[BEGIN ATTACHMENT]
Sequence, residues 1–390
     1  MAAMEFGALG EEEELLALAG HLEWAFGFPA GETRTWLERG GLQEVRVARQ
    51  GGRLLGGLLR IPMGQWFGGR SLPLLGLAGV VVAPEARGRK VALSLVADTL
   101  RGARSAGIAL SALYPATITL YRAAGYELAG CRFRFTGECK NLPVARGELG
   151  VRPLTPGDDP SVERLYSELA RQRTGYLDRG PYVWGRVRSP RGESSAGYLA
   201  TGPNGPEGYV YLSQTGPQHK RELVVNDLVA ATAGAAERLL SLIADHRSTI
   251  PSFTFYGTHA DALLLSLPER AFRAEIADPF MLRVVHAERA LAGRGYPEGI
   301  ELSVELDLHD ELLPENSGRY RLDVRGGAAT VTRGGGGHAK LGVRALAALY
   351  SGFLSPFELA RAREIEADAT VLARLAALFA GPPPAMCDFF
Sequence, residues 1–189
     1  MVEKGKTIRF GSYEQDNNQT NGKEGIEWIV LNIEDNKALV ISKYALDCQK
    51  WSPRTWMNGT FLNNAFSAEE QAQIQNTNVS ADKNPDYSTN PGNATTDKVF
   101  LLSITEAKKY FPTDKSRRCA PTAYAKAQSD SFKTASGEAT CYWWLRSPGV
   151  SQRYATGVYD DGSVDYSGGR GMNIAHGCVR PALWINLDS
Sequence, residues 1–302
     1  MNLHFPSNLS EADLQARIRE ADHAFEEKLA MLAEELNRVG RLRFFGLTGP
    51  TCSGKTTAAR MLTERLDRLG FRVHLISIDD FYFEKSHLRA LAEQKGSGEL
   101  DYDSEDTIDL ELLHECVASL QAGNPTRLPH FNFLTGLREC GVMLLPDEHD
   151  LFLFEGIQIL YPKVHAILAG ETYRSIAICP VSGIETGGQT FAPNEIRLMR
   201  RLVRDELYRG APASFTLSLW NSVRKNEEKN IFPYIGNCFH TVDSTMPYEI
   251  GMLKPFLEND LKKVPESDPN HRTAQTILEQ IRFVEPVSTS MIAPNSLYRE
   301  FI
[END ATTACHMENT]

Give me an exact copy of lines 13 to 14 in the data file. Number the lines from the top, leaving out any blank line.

   101  LLSITEAKKY FPTDKSRRCA PTAYAKAQSD SFKTASGEAT CYWWLRSPGV
   151  SQRYATGVYD DGSVDYSGGR GMNIAHGCVR PALWINLDS